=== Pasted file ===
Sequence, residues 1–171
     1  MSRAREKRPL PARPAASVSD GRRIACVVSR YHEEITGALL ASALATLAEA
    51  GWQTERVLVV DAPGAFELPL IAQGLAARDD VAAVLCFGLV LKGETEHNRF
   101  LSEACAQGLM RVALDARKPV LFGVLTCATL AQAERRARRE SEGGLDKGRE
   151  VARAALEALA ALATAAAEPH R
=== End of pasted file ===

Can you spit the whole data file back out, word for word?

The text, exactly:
Sequence, residues 1–171
     1  MSRAREKRPL PARPAASVSD GRRIACVVSR YHEEITGALL ASALATLAEA
    51  GWQTERVLVV DAPGAFELPL IAQGLAARDD VAAVLCFGLV LKGETEHNRF
   101  LSEACAQGLM RVALDARKPV LFGVLTCATL AQAERRARRE SEGGLDKGRE
   151  VARAALEALA ALATAAAEPH R